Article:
|HMV Group plc sales drop nearly 20 per cent|
|Friday, 09 September 2011 08:16|
News round up: HMV, SABMiller, US long-term deficit, OECD, Obama, Coca-Cola, Jean-Claude Trichet and bank balances.
Grolsch and Peroni beer giant SABMiller is set to launch a formal £6.2billion takeover bid for Foster’s after regulators rejected its claim that the Australian brewer had made “misleading and deceptive” statements over its future earnings and debt levels.
US long-term deficit
The US economy's long-term potential will be damaged unless policy-makers take steps now to address the country's challenges, Federal Reserve chairman Ben Bernanke has warned. Politicians on Capitol Hill must lay out a plan to tackle America's long-term deficit without jeopardising the fragile recovery, Mr Bernanke told the Economic Club of Minnesota on Thursday, according to the Telegraph.
The OECD yesterday urged developed nations to be prepared to do more to support the global economy. Revealing a sharply downgraded international growth outlook for the second half of 2011, the Paris-based economic organisation said that countries that have "credible fiscal frameworks" should enact "short-term fiscal stimulus" if there is a prolonged slowdown in economic activity, the Independent reports.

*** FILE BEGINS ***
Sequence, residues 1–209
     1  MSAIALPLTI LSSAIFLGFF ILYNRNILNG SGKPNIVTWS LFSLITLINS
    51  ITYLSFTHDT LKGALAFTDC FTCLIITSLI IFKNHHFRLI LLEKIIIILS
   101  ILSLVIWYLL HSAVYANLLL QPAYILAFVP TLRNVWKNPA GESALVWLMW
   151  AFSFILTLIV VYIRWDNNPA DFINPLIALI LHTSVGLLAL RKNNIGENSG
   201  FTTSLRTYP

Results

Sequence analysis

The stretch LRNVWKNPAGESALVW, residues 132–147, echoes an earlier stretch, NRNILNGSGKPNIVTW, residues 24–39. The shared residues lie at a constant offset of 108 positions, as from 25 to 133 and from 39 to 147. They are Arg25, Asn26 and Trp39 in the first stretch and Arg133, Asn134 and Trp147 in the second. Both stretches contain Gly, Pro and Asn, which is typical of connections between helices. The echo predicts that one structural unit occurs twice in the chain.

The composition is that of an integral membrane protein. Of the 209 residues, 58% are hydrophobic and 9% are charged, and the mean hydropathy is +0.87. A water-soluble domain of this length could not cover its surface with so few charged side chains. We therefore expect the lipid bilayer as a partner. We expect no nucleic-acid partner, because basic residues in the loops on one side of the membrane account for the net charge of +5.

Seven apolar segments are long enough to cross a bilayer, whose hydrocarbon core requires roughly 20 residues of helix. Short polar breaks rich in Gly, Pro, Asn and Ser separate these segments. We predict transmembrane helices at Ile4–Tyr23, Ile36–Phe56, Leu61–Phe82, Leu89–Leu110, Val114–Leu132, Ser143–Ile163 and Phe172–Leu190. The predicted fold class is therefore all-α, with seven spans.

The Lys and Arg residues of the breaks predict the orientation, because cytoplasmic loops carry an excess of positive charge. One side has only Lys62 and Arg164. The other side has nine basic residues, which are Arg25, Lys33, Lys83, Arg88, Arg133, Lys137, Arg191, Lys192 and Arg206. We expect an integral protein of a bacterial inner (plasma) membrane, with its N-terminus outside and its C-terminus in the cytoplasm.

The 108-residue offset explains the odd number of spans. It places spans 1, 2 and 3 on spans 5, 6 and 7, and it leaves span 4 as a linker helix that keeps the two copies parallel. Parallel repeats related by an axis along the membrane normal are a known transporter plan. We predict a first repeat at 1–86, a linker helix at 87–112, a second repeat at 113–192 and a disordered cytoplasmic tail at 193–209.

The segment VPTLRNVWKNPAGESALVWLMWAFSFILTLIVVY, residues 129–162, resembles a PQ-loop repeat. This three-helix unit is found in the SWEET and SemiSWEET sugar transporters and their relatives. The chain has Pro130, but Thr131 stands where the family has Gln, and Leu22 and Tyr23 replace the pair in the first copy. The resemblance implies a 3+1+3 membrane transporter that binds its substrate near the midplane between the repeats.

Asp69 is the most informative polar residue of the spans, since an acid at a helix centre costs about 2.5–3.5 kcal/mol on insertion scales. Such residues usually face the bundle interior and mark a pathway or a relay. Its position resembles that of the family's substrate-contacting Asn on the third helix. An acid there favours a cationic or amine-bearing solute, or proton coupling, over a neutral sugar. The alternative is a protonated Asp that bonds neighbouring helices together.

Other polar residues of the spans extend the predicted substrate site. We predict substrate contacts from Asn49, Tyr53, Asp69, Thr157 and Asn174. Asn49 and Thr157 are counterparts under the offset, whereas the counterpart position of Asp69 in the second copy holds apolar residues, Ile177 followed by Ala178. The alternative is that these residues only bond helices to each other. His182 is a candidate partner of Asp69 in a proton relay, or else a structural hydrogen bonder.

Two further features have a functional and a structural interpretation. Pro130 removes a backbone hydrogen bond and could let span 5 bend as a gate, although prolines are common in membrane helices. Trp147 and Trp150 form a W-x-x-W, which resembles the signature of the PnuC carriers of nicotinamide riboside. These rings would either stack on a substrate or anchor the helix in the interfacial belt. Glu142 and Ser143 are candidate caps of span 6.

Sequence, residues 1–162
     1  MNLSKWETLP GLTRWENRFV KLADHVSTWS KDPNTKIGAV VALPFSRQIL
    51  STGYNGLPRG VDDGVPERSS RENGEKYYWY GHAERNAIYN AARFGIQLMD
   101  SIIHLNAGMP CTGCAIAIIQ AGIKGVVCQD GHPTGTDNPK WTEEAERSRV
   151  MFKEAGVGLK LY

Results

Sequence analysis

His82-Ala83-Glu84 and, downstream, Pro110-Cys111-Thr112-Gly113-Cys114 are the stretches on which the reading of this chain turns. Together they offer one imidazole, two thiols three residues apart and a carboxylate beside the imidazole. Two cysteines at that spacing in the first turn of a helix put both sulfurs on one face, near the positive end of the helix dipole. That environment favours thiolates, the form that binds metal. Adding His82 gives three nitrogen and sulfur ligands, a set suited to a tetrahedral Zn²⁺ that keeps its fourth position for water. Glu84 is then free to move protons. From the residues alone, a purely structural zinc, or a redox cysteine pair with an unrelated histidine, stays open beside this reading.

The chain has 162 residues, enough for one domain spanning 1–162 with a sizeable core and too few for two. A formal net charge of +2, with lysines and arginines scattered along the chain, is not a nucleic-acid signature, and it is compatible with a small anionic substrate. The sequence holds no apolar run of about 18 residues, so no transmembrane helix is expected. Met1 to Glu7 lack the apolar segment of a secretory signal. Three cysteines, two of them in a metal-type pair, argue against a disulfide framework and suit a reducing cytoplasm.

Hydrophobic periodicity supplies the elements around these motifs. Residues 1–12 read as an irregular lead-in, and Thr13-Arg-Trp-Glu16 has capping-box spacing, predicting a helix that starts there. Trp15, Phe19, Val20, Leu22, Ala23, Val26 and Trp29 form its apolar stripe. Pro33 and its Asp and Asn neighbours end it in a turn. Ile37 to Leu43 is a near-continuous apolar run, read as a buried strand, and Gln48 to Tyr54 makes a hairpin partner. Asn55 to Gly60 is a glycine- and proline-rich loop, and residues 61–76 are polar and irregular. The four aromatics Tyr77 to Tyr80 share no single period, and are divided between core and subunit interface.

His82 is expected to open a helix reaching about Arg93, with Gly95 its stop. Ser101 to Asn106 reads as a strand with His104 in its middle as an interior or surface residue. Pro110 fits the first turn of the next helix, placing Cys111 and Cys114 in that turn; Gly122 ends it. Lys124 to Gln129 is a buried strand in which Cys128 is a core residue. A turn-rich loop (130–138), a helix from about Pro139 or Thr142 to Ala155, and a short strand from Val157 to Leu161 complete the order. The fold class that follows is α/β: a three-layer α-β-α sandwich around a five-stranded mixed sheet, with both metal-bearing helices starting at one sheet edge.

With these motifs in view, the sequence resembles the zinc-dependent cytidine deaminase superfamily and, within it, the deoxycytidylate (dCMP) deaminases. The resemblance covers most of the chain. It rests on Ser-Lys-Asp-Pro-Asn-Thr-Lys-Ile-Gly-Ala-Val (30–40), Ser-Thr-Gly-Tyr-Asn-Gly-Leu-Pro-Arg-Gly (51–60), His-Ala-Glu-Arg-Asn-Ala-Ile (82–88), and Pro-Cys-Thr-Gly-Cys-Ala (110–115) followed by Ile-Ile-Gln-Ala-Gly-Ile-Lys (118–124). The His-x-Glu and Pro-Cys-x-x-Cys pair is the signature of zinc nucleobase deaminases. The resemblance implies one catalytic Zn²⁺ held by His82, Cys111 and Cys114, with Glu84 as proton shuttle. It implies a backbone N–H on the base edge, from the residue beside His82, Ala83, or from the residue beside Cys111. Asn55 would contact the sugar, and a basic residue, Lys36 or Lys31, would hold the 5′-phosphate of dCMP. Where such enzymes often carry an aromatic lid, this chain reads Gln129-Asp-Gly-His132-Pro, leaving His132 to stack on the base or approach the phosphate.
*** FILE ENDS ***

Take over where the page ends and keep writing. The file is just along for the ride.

Barack Obama used a televised address to the nation to unveil a $447bn package aimed at bringing down the country's high jobless total, the issue that could determine whether he wins re-election next year. In a rare joint session of Congress on Thursday night, the president challenged the Republicans to end the "political circus" in Washington by approving legislation he is to send them next week, the American Jobs Act, says the Guardian.
Coca-Cola has become embroiled in a dispute with the French government over a new tax on fizzy drinks, leading the company to threaten to cut its investment in the country, before making an abrupt U-turn after drawing criticism.
The president of the European Central Bank lashed out yesterday at German critics of its support to beleaguered eurozone economies. In a rare display of emotion, the nornally unflappable Jean-Claude Trichet launched into a six-minute tirade defending the central bank’s “impeccable” record.
Britons' bank balances
Record low interest rates have boosted Britons' bank balances to the tune of £8billion, new statistics from the Bank of England indicate. While savers are estimated to have lost out on £43billion in interest earnings since the bank rate hit 0.5 per cent two-and-a-half years ago, mortgage borrowers have saved £51billion in payments, reports the Daily Mail.
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